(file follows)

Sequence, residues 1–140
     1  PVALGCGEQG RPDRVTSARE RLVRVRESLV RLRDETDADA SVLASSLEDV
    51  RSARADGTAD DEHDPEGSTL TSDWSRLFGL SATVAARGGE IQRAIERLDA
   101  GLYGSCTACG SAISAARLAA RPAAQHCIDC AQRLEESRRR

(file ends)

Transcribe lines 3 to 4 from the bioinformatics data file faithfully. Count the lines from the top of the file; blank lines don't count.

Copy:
    51  RSARADGTAD DEHDPEGSTL TSDWSRLFGL SATVAARGGE IQRAIERLDA
   101  GLYGSCTACG SAISAARLAA RPAAQHCIDC AQRLEESRRR